However, ever since the widespread attention to generative AI, many are now relying too much on AI use; given its accessible, fast, reliable, and convenient functions. Even consultants are excited with its functionality as they can now develop good content just by typing several prompts into Bard or ChatGPT [6].

But, here’s the hitch;

Generic Content

As much as AI gives access to great content, it’s just too generic. Generative AI is currently used to generate hundreds of thousands of content within seconds worldwide and is still learning new information every day. Therefore, it is no surprise that the content users receive will be either too broad or too basic – not what consultants can use – especially when they need to adhere to their client’s specific/special needs. That being the case, consultants still need to resort back to their years of gained experience and knowledge to provide personalized advice and develop creative strategies [1].

Homogeneity in Solutions

Another problem is that generative AI is too popular. Since everyone – including competitors – is now using AI to solve problems or receive suggestions, there is a high chance everyone will get similar answers/suggestions. 

So, what does this entail? 

Well, the importance of having an edge over other companies is already a well-established fact in Business 101, right? 

As such, while AI can undoubtedly provide an upper hand and keep you up-to-date with modern advancements, overreliance on its suggestions – which are available to every firm – risks losing the uniqueness of your consulting approach. This, in turn, could lead to losing your competitive edge and, eventually, clients.

As asserted by [6], if your services are commoditized, clients would not be willing to pay you higher than what other firms with the same service quality generally receive. Clients seek a firm’s expertise, unique perspectives, and strategic recommendations tailored to their organization’s needs that can help them maintain a competitive edge and improve their performance [6]. 

Lack of Effective Communicative & Contextual Reasoning Skills

In addition, AI lacks “human skills” to build meaningful business relationships [1]. Humans innately have the ability to interact with other humans in a way that is not just to inform – i.e., persuade, entertain, negotiate, convince, etc. – to build relationships and foster collaborations based on understanding, empathy, and one’s personal perspective.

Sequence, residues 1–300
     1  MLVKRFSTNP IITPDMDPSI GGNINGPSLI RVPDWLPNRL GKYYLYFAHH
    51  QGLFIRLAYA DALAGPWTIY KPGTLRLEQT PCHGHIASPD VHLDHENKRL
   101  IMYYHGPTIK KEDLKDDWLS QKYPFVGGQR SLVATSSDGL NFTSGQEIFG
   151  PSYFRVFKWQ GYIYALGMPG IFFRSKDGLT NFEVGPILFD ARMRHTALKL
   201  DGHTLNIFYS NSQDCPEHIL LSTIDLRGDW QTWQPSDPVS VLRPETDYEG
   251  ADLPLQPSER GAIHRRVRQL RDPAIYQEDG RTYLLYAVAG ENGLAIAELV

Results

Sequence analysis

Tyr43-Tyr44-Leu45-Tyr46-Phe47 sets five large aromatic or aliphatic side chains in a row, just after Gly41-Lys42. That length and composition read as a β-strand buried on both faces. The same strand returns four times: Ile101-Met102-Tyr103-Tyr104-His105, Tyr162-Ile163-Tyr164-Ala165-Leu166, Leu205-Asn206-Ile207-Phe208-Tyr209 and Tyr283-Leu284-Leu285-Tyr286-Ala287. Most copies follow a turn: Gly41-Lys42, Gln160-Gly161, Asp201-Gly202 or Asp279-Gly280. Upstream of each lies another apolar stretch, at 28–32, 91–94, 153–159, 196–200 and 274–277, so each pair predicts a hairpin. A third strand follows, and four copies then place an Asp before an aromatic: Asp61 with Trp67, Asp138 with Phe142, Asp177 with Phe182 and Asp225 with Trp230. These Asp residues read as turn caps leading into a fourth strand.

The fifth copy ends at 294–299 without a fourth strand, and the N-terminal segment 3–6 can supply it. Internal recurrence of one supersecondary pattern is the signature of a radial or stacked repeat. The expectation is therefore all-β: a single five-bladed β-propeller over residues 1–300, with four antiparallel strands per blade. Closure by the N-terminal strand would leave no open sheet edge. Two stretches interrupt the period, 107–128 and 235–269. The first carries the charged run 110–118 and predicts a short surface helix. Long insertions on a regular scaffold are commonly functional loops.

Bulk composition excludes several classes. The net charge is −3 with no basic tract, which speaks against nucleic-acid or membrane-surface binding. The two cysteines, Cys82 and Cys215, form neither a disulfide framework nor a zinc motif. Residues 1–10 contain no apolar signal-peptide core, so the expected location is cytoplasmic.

Since AI is still limited in the scope of human emotions, it is unlikely that it will be able to engage with another person from a business perspective in a genuine, profound way. Thus, acts like presenting an idea or closing a sale are best to be handled by humans [1].

On top of that, what sets AI as less effective than humans in the field of consultancy is its limited skills in contextual reasoning. As a consultant, there are multiple aspects that they need to take into account (i.e., the client’s main goal and personal interest, company’s principles and culture, etc.) while developing strategies or making a decision. This is so that they can come up with the best strategy/decision to achieve optimum satisfaction [1]. As powerful a tool as AI is in data processing and analytics, it still falls short when it comes to understanding context and perspectives. 

Lack of trustworthiness

As popular as AI is currently perceived in consulting, it still falls behind traditional consultancy firms that have earned clients’ and investors’ trust and gained a good reputation. It falls short when compared to well-established firms with years of experience, known for consistently delivering excellent services to their long-standing clients, with whom they share strong business relationships. 

When it comes to trust and reputation, until the use of AI solutions gains equal recognition to those of well-established and experienced consultants, AI will continue to face skepticism and resistance from some clients and industries [1]; especially when it is still known to make inaccuracies without the supervision of human support.